• Selenium: Selenium supplementation has also shown to lower both anti-TPO and anti-TG levels in people with poor thyroid function over the span of 3 and 6 months.10,11
    • Ashwagandha: Ashwagandha has benefits with reducing stress levels,12as well as benefits on thyroid health.  It has been shown to significantly improve TSH, T4 and T3 levels in people with low functioning thyroid, 8 week span.13

    Thyrosmart by Smart Solutions is a combination of research-backed vitamins, minerals and herbs that directly support optimal thyroid health and function.1Thyrosmart is specially formulated to support the optimal function of the thyroid.14Please always consult with your health care practitioner to see if this product is right for you.


    Let’s highlight some research in support of lifestyle adjustments:

    • Ensuring quality sleep.There is an association with sleep quality, providing benefit on optimizing thyroid function.15
    • Using a mobile application to track symptoms. There is research looking at supporting quality of life with thyroid concerns, using mobile applications like BOOST thyroid.  Out of 380 participants with a thyroid concern, 95.8% reported the mobile application to be a useful tool, with 68% reporting it had improved their quality of life, and 70% suggesting it had a positive impact on health.16
    • Benefits of exercise on sub-optimal thyroid function.Women with sub-optimal thyroid function who either biked or used the treadmill for 60 minutes, 3 times per week for 16 weeks, showed improvement in quality of life, and emotional, mental and physical health, related to their thyroid concern.17
    • Support for weight management with an under-active thyroid. Obesity and metabolic abnormalities are both associated with an increased risk of thyroid-related concerns, with increasing anti-TPO levels to be associated with obesity.18 This speaks to the need for adequate support with weight loss interventions, on overall thyroid health.


    1. Wilson, S. A., Stem, L. A., & Bruehlman, R. D. (2021). Hypothyroidism: Diagnosis and Treatment. American family physician103(10), 605–613.
    2. Brent G. A. (2012). Mechanisms of thyroid hormone action. The Journal of clinical investigation, 122(9), 3035–3043.
    3. Chiovato, L., Magri, F., & Carlé, A. (2019). Hypothyroidism in Context: Where We've Been and Where We're Going. Advances in therapy36(Suppl 2), 47–58.
    4. Babić Leko, M., Gunjača, I., Pleić, N., & Zemunik, T. (2021). Environmental Factors Affecting Thyroid-Stimulating Hormone and Thyroid Hormone Levels. International journal of molecular sciences22(12), 6521.
    5. Pobłocki, J., Pańka, T., Szczuko, M., Telesiński, A., & Syrenicz, A. (2021). Whether a Gluten-Free Diet Should Be Recommended in Chronic Autoimmune Thyroiditis or Not?-A 12-Month Follow-Up. Journal of clinical medicine10(15), 3240.
    6. Abbott, R. D., Sadowski, A., & Alt, A. G. (2019). Efficacy of the Autoimmune Protocol Diet as Part of a Multi-disciplinary, Supported Lifestyle Intervention for Hashimoto's Thyroiditis. Cureus11(4), e4556.
    7. Farebrother, J., Zimmermann, M. B., & Andersson, M. (2019). Excess iodine intake: sources, assessment, and effects on thyroid function. Annals of the New York Academy of Sciences1446(1), 44–65.
    8. Mazokopakis, E. E., Papadomanolaki, M. G., Tsekouras, K. C., Evangelopoulos, A. D., Kotsiris, D. A., & Tzortzinis, A. A. (2015). Is vitamin D related to pathogenesis and treatment of Hashimoto's thyroiditis?. Hellenic journal of nuclear medicine18(3), 222–227.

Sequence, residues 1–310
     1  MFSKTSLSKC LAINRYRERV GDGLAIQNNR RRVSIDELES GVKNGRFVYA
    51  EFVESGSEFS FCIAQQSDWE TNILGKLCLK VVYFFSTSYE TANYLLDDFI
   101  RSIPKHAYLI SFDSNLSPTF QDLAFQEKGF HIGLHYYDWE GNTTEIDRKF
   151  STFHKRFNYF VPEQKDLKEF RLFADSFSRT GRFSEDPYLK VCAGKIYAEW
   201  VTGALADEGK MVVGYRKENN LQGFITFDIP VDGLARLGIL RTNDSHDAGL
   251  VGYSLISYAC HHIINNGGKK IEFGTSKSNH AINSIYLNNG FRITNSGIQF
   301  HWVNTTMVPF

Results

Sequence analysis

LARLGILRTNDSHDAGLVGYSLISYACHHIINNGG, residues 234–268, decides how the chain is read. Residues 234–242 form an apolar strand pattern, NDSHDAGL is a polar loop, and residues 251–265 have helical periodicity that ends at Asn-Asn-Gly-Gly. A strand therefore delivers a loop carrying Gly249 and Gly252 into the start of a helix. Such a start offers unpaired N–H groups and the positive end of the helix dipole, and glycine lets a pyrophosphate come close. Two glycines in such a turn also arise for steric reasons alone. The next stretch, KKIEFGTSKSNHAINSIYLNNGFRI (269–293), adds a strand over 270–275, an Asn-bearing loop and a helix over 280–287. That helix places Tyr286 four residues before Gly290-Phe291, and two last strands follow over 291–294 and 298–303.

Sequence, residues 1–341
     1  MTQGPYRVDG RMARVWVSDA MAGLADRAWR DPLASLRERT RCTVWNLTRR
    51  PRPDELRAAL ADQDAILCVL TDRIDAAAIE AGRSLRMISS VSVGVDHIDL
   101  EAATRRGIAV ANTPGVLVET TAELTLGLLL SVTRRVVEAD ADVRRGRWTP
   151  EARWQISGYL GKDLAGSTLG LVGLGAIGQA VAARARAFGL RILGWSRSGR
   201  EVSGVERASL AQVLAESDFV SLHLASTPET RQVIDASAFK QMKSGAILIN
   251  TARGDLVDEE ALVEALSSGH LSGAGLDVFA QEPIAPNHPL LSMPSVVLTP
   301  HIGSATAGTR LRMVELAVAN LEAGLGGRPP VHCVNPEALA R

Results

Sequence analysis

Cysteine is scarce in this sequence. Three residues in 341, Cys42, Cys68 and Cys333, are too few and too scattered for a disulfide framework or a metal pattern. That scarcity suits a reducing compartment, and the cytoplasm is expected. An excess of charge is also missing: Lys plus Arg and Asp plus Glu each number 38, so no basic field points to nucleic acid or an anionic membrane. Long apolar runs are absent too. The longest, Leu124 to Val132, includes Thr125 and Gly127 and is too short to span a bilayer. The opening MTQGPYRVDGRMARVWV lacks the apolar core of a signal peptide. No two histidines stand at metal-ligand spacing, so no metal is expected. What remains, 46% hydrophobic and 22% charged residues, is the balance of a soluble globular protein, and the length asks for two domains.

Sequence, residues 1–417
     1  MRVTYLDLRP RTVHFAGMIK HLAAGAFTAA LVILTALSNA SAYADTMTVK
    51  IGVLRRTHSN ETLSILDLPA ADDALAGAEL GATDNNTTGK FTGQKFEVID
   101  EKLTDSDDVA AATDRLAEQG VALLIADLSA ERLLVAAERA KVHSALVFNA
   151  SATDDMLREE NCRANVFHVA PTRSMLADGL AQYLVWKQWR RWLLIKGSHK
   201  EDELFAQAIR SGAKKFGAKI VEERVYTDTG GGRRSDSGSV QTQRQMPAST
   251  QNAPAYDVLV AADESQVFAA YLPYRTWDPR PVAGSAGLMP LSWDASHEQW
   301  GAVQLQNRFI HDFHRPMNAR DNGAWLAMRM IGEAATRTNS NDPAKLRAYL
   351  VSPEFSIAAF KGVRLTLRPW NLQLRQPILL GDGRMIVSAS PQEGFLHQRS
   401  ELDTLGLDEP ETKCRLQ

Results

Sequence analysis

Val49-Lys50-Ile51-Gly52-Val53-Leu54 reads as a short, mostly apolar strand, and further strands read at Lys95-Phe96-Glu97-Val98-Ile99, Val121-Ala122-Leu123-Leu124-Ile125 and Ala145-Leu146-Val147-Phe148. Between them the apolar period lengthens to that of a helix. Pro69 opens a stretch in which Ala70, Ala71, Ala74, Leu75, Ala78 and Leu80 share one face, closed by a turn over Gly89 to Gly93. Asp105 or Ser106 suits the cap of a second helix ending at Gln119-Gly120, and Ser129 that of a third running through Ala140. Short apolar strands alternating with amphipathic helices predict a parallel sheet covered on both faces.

9. Chaudhary, S., Dutta, D., Kumar, M., Saha, S., Mondal, S. A., Kumar, A., & Mukhopadhyay, S. (2016). Vitamin D supplementation reduces thyroid peroxidase antibody levels in patients with autoimmune thyroid disease: An open-labeled randomized controlled trial. Indian journal of endocrinology and metabolism20(3), 391–398.
    10. Wang, L. F., Sun, R. X., Li, C. F., & Wang, X. H. (2021). The effects of selenium supplementation on antibody titres in patients with Hashimoto's thyroiditis. Endokrynologia Polska72(6), 666–667.
    11. Wichman, J., Winther, K. H., Bonnema, S. J., & Hegedüs, L. (2016). Selenium Supplementation Significantly Reduces Thyroid Autoantibody Levels in Patients with Chronic Autoimmune Thyroiditis: A Systematic Review and Meta-Analysis. Thyroid : official journal of the American Thyroid Association26(12), 1681–1692.
    12. Choudhary, D., Bhattacharyya, S., & Joshi, K. (2017). Body Weight Management in Adults Under Chronic Stress Through Treatment With Ashwagandha Root Extract: A Double-Blind, Randomized, Placebo-Controlled Trial. Journal of evidence-based complementary & alternative medicine22(1), 96–106.
    13. Sharma, A. K., Basu, I., & Singh, S. (2018). Efficacy and Safety of Ashwagandha Root Extract in Subclinical Hypothyroid Patients: A Double-Blind, Randomized Placebo-Controlled Trial. Journal of alternative and complementary medicine (New York, N.Y.)24(3), 243–248.
    14. Government of Canada. Product information. Accessed on January 29th, 2022 at
    15. Wu, K., Zhou, Y., Ke, S., Huang, J., Gao, X., Li, B., Lin, X., Liu, X., Liu, X., Ma, L., Wang, L., Wu, L., Wu, L., Xie, C., Xu, J., Wang, Y., & Liu, L. (2021). Lifestyle is associated with thyroid function in subclinical hypothyroidism: a cross-sectional study. BMC endocrine disorders21(1), 112.
    16. Högqvist Tabor, V., Högqvist Tabor, M., Keestra, S., Parrot, J. E., & Alvergne, A. (2021). Improving the Quality of Life of Patients with an Underactive Thyroid Through mHealth: A Patient-Centered Approach. Women's health reports (New Rochelle, N.Y.)2(1), 182–194.
    17. Werneck, F. Z., Coelho, E. F., Almas, S. P., Garcia, M., Bonfante, H., Lima, J., Vigário, P., Mainenti, M., Teixeira, P., & Vaisman, M. (2018). Exercise training improves quality of life in women with subclinical hypothyroidism: a randomized clinical trial. Archives of endocrinology and metabolism62(5), 530–536.
    18. Wang, Y., Lin, H., Li, Q., Guan, L., Zhao, M., Zhong, F., Liu, J., Yuan, Z., Guo, H., Song, Y., Gao, L., & Zhao, J. (2021). Association between different obesity phenotypes and hypothyroidism: a study based on a longitudinal health management cohort. Endocrine72(3), 688–698.